15. this is a well made video and very respective of the pronunciation and knowledge, love your video my man, we need to see the good ol ak 47 and other soviet 50's to 90's weapons!!

    can we see also the iraqi tabuk and qadsiya rifle, famed in the iraq iran war and in many theaters of war

    great videos.

  16. I could of picked up an AKM a few years ago at a gun show for cheap and passed on it because I was worried about the quality from its home country, after seeing this I regret not getting it.

  17. At 4:33 you can se just above his fingers a C with a crown. But they tried to remove it. That part on THIS rifle was probably manufactured in Sweden or was taken from a swedish weapon or it is a swedish build weapon but they have customized it in Egypt. The C means Carl-Gustafs stad (Eskilstuna).

  18. Just got a rasheed. Cool looking gun, needs parts and i cant find anything for it. Anyone know where i can get parts?

  19. I own a Hakim & I love it & I will love it even more when I put on a German mg-13 or mg-15 20 round magazine on it. So thank you for this cool video LOVED IT!

  20. I just got a Rasheed , it still works.
    But I don't think it will get used a lot if what you guys say about breaking parts is true lol

  21. @Forgotten Weapons Hi there! If you skip the "L" (it's silenced), you'll have a very good pronounciation of Ljungman! =)

  22. I had the Ljungman & Hakim & an SKS had to hand them in during Australia's notorious 1996 Gun "Buy Back" :/ don't be fooled, the Government can't "Buy Back" something they never owned in the first place!
    If I had my time over again I would NEVER have handed them in.

  23. I thoroughly enjoy your channels, both Forgotten Weapons and In Range TV. I really enjoy both the historical and the engineering perspective you lend to the various firearms you showcase.

    This video discusses the Hakim and the Rasheed, but it excludes the 8mm FN49 which was also in service at about the same time. I would love to see you do a video on the FN49 series of rifles as well as some FAL torture testing on the In Range channel. Of the 2, the FN49 would be the more interesting.

    I have one, an Egyptian contract model in 8mm with a 20 round extended fixed magazine which appears to be military contract as well. Any knowledge of this?

    Thank you.

  24. Thank You I own one and love to shoot it.  You need to watch your fingers, but other then that a joy to shoot, and I have noticed that it is pretty good out to about 750 meters.  I used to shoot beer cans at that distance, and you could watch the actual bullet fly thru the air.  Awsome.

  25. I somehow like the Anschütz Air Rifle Trainer most 😉
    Reminds me of a "Wehrsportgewehr" a Grandfahter of a Buddy had.This Guy was realy cool he allowed us too shoot all his Air Rifles and the Flobert Guns too..for a Kid a 9mm Flobert is like a 50 cal ;)..specialy cause it looks so much bigger then a 22 ,)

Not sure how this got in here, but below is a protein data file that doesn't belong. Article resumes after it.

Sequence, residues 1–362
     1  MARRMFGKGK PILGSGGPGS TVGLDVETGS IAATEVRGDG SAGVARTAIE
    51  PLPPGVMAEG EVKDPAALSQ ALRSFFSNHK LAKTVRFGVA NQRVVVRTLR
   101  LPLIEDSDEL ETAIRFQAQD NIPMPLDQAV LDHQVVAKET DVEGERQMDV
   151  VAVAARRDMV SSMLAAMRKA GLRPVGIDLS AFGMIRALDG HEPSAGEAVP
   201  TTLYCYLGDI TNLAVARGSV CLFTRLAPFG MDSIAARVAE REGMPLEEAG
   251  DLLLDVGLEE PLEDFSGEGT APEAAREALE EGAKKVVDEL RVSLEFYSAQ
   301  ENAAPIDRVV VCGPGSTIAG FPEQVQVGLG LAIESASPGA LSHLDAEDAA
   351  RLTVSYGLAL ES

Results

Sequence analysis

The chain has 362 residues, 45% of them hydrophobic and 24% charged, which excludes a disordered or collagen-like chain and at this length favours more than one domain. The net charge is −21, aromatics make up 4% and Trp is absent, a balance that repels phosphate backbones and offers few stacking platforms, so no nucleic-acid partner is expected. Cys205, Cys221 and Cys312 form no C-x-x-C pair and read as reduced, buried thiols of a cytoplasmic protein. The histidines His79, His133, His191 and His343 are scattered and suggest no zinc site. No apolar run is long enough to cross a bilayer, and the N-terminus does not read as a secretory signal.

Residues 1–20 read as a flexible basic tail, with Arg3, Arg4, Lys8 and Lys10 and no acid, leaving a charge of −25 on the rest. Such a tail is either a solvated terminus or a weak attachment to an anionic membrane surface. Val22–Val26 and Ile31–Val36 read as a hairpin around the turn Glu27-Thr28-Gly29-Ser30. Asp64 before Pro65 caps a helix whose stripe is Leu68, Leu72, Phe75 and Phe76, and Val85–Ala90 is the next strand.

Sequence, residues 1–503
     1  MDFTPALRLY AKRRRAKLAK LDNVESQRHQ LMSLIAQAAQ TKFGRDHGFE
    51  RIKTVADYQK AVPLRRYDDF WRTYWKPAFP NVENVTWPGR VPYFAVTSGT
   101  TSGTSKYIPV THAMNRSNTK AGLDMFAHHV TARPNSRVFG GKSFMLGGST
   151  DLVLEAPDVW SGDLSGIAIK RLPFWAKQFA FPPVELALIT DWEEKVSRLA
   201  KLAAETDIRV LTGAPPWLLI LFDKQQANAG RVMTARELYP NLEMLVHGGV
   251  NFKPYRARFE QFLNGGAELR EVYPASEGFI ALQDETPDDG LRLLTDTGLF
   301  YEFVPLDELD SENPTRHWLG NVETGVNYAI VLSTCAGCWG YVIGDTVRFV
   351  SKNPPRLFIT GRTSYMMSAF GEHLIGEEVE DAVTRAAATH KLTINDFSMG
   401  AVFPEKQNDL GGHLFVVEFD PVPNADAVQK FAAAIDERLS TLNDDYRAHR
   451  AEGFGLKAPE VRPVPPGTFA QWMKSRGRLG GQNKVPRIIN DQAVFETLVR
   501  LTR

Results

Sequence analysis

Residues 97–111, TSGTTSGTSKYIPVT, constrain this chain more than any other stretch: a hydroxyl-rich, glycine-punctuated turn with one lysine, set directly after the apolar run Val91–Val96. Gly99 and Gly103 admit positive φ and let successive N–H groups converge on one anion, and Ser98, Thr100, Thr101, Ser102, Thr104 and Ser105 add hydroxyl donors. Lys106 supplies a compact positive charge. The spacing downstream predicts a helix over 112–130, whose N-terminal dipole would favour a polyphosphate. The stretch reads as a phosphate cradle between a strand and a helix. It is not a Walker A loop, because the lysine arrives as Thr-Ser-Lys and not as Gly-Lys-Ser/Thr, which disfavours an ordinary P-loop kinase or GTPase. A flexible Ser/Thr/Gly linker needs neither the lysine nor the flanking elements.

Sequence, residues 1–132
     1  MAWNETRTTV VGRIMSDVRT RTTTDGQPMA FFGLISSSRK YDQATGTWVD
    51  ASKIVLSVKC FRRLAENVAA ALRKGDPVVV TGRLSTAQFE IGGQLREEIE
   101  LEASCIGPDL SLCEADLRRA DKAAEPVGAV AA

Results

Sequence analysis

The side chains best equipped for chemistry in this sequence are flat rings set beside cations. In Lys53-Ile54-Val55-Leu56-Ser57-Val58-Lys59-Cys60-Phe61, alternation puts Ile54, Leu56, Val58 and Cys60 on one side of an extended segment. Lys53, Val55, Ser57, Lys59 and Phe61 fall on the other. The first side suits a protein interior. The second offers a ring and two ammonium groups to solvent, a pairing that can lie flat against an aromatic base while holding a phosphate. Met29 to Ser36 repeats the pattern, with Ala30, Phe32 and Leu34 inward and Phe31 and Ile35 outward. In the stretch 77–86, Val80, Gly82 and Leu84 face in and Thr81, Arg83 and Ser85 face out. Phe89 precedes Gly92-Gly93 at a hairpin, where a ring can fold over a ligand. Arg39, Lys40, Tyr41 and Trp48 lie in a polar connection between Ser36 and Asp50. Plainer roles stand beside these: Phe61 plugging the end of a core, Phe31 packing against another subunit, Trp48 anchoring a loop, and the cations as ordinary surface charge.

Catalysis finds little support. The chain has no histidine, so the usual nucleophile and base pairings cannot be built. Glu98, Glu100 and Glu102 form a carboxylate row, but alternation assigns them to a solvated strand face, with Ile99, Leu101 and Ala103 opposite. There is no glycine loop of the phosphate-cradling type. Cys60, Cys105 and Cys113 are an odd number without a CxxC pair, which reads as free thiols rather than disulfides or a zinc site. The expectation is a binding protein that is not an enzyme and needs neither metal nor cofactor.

26. i have a hakim and rasheed and neither willl load properly?? i fired them full mags perfect. Then too apart and cleaned. now I cant get them to load properly or fire. Completly confused. The guy died so I cant ask him. Any suggestions?

  27. Ian, which is better a standard SKS variant, or the Egyptian Rasheed? in terms of reliability, durability, accuracy ect (if a standard variant which one?)

  28. The Hakim looks more like it was made by a bored engineer. It doesn't look very practical at all with what appear to be convoluted mechanisms.

  29. +forgotten weapons why are the rear sights always broken and where can you find stripper clips for the rasheed?

  30. I just picked up a Maadi and clicked on your channel to see what you thought of it. Your production standards sure have gotten better in the last five years.

  31. Had a chance to get a Hakim about a decade ago, bought an SVT-40 instead. Might still get a Hakim (or a Ljungman, if I can find one, I do like the 6.5 Swede cartridge!)

  32. Went searching just for this. Probably thirty years ago I was in a little local gun shop that did a lot of business in oddball used stuff. Saw the Hakim, I think he wanted $400 for it, so I snapped it up. He said he knew the name, that it was Egyptian, and that it took 8mm Mauser. After that it was up to me, took it to my buddy's house and spent the evening figuring out how to field strip it by trial and error. It's still one of my favorite rifles, and I eventually got its older uncle, the SVT-40. I just love the way those old military weapons look and function, very jealous of Ian's job.

Leave a Reply

Your email address will not be published. Required fields are marked *